Yet sometimes he gets caught up and can't hold back. He gets into a good-natured vocal battle on the end of "I Just Can't Stop Loving You" with singer Judith Hill that he's clearly enjoying, forgetting anyone else is around. At the end he complains, "why do you make me do that? I've got to save my voice…" then compliments Hill and encourages her to keep it up. A bemused Ortega just tells him, "you liked it, MJ."

And again, that's the difference. We've seen the calculated performer, whose smiles in concert and in public were more a triumph over his demons, fierce grins pasted on. Here's the childlike pleasure that so many of his friends - let's assume they really were - always said he had.

Not that he comes off as child-like. As many of the musicians comment, he was a perfectionist who truly knew his music inside and out. What he didn't always know was how to articulate himself, and there are a few moments when he struggles not to lose his cool. They're amusing in a way, as he tries to find the right metaphor for what is wrong, and they hearken back to some of his more bizarre public comments.

But the important thing there is that he always treats everyone around with respect. Maybe that was for the cameras, but it just doesn't seem to be the case. Even if it was, there's no question he understood his power. A favorite moment comes when Ortega starts to blow up at the dancers for missing a cue, but Jackson quickly defends them - no, they were waiting for him while he'd stopped to sizzle for a bit. It's bizarre, but yes, perfectly true. In a concert, Jackson would have sizzled.

The production numbers would have been amazing. Ortega includes huge chunks of an updated "Thriller" video that if I'm understanding correctly would have required the audience to put on 3-D glasses. Updated make-up, a much heavier influence from Disney's Haunted Mansion, and a huge robot spider that carried Jackson around would have added up to one dazzling spectacle.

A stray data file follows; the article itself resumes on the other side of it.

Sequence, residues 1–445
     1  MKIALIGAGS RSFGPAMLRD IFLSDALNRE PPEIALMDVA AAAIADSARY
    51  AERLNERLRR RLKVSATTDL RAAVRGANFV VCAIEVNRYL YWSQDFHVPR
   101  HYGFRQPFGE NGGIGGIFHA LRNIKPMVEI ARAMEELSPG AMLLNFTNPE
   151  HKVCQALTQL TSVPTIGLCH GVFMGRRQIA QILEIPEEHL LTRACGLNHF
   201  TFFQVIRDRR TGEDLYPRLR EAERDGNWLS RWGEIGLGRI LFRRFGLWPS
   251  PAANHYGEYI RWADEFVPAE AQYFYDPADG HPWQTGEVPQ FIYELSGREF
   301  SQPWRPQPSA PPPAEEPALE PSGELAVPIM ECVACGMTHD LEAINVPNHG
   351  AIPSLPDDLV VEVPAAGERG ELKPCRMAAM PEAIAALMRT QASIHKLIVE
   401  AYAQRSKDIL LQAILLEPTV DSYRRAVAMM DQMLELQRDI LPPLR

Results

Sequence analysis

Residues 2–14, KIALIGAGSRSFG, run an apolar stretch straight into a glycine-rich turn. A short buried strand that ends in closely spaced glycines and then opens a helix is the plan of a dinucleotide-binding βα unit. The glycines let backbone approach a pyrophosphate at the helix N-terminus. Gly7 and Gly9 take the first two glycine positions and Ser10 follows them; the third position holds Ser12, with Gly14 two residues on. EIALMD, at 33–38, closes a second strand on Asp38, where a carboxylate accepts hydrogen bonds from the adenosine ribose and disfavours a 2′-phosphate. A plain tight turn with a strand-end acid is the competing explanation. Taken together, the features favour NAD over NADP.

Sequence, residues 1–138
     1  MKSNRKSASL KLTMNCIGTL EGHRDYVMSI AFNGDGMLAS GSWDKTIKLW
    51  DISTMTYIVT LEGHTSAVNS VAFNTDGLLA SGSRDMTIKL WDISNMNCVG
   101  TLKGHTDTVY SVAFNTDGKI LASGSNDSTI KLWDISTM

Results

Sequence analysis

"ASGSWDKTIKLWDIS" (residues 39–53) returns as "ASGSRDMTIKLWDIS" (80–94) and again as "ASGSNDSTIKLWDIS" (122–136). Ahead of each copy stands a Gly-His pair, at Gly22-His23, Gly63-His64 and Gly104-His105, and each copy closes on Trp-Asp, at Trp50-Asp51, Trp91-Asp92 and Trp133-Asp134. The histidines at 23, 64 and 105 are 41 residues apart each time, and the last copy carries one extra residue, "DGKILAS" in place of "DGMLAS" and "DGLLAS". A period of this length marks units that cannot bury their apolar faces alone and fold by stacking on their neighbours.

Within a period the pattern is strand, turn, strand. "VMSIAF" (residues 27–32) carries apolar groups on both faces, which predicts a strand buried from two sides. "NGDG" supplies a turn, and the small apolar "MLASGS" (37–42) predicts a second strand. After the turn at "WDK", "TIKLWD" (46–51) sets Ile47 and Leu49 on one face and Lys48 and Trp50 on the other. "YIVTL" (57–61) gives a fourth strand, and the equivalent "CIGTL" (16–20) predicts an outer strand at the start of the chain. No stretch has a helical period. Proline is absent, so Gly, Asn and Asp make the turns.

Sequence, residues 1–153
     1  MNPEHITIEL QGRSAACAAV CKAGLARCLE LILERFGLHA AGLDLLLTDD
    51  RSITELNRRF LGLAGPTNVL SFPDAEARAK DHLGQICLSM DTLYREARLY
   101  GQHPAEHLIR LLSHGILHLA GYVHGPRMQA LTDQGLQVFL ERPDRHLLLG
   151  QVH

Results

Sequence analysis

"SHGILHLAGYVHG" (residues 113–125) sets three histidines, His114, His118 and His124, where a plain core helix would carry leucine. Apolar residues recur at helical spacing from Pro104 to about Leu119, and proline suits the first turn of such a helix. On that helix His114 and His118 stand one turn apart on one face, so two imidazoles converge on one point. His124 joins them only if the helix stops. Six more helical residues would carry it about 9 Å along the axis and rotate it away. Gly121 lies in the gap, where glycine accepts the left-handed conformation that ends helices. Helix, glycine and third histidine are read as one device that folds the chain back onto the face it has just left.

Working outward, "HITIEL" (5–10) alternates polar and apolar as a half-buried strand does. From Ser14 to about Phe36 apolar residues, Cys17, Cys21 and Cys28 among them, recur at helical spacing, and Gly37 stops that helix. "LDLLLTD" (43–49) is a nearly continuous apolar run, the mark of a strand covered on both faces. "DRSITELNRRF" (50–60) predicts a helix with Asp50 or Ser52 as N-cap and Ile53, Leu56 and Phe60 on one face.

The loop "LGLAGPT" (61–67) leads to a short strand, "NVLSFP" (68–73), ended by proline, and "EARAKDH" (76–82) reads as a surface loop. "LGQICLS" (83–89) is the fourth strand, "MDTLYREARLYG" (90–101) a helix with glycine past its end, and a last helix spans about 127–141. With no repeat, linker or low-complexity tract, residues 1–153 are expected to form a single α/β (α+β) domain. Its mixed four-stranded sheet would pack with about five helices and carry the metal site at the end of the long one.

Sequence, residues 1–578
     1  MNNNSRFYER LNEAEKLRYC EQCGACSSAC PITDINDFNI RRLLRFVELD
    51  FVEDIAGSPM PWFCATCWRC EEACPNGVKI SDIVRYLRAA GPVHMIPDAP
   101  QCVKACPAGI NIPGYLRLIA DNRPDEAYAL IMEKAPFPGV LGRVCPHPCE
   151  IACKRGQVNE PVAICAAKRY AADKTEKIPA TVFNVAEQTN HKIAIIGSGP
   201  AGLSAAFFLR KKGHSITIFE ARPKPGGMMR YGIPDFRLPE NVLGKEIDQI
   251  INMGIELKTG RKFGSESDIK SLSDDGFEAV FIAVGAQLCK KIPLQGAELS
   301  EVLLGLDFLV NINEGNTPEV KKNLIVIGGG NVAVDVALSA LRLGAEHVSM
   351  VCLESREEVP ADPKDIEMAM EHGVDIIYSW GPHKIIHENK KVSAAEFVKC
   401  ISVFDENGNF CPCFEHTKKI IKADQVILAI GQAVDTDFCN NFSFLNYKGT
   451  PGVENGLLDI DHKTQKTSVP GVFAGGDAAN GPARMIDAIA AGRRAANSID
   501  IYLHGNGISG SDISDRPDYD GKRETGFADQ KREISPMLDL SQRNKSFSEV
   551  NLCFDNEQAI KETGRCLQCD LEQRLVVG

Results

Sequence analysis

Yet the simpler moments hold the most power. Just Jackson singing, alone and with Hill, have to remind his critics - and I consider myself one - that there was something to him. The dancers all sit out on the floor, just listening, sheer joy on their faces, disbelieving that they get to be a small audience for this man.

There's still a touch of the bizarre here. Footage seems to be culled from no more than four different rehearsals, judging by the outfits Jackson wears. His fabled face never quite looks the same from rehearsal to rehearsal, and even his ears look like prosthetics on the big-screen - this might be terrifying in IMAX. In practice, Jackson also seems to favor padded suits that only accentuate that in the last months of his life, he seems to have had the same proportions as Jack Skellington. (Snarkiness aside, I never realized what relatively huge hands the man had until now.)

Some of his improvisations as he works through the music are a bit twee, as well as some of his ideas that probably would have been included in a more polished concert film. It's also hard not to read into his having to count off his brothers' names in a brief tribute to his family.

No doubt, Jackson was bizarre. In life, his attempts to combat that image backfired more than they helped. With This Is It, though, he finally gets to prove he was human.

Derek McCaw